A city out of time: what do we dream of when we dream of Rome?


August 9, 2020

By Gabriella Coslovich

On a writing grant to the eternal city an Italian-born Australian encounters its two faces – the tourist’s fantasy and the residents’ reality


A city operates on discrete levels – the tourist’s fantasy and the resident’s reality. A Roman urban planner laments the city’s poorly maintained infrastructure and the daily struggle of workers who depend on a fickle public transport system. She jokes about the hi-vis orange plastic fences that appear around collapsed walls and roads – and remain indefinitely. On the nightly news I see the same problems that I see at “home”. Online retail killing bricks-and-mortar shops. Men killing their spouses. Climate change killing the planet. Clerical abuse of children. The rise of racism, antisemitism and the far right. Some problems are graver here. This country is western Europe’s most polluted. Youth unemployment is close to 30%. The mafia mutate and spread. Refugees and migrants stream across permeable borders, arriving by sea and land. Many don’t make it. The coronavirus has yet to hit and, when it does, Italy is pushed to the brink of collapse. Other emergencies slide down the news agenda. The country is in triage, battling an invisible, terrifying enemy that eclipses all else.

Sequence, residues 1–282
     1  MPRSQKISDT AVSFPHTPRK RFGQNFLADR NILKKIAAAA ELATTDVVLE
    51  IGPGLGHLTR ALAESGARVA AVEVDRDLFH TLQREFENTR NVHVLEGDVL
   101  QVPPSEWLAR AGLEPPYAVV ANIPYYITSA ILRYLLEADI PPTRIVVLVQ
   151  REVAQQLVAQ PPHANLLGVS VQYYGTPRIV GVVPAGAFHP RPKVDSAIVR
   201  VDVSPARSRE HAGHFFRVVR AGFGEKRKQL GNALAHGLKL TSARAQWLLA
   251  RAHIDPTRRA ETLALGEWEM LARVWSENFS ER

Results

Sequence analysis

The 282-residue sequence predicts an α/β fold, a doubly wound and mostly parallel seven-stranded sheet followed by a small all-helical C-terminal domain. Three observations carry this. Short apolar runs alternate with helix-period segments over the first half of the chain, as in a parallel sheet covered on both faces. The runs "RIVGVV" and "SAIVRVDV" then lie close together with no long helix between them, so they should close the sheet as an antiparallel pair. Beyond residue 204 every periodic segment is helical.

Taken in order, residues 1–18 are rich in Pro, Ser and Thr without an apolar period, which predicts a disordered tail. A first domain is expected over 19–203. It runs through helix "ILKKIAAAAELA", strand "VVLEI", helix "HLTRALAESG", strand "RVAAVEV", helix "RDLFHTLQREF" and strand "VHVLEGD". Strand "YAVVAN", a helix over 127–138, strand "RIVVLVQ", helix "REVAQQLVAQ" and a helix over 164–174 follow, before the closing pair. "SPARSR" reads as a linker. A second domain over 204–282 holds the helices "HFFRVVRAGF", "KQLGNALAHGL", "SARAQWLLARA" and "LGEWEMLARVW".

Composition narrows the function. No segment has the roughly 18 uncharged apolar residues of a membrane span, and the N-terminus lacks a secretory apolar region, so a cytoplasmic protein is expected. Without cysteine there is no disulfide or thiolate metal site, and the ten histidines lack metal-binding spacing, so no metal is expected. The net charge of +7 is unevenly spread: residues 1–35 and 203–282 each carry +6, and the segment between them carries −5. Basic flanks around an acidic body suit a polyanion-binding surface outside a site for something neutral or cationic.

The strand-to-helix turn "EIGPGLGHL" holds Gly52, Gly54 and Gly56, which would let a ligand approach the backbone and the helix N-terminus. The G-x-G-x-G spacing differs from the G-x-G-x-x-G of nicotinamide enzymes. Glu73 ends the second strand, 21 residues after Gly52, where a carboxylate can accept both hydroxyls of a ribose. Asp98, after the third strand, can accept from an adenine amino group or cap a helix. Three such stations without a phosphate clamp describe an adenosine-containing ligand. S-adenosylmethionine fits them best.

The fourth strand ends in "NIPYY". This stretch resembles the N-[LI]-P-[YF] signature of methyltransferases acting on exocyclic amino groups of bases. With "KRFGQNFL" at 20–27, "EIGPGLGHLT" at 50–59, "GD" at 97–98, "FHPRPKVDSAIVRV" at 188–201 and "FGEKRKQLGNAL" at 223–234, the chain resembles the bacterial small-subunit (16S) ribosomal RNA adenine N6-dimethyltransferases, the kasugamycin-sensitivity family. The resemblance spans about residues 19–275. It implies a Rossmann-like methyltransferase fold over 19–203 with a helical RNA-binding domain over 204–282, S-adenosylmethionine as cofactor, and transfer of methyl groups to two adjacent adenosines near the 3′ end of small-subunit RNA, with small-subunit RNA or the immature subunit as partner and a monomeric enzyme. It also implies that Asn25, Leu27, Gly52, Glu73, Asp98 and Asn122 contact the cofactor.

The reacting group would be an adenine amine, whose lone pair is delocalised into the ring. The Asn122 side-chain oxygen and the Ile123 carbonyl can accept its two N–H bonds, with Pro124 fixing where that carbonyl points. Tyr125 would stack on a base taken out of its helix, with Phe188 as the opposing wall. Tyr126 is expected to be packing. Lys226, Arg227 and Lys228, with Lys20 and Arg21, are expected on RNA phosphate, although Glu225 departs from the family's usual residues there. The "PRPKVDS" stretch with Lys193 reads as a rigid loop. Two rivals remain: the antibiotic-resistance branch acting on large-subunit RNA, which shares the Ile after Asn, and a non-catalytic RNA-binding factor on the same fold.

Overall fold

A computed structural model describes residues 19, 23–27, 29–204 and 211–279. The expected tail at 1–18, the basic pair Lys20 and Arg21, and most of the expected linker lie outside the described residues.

Before the pandemic, it was still possible to notice other things. As in Australia, politicians climbing to success on an anti-migrant stance. When Salvini’s plan to force an election backfired, he called on his supporters to descend on Rome, echoing a fascist past. In late October they do, and I avoid the square where the demonstration takes place, watching it instead on the evening news. I see the same old slogans trotted out by populists everywhere: Orgoglio Italiano. Italian Pride. Prima Gli Italiani. Italians First. A Salvini supporter holds a placard that reads Io Sto Con San Salvini. I’m with Saint Salvini. Another holds a crucifix alongside the Italian flag.

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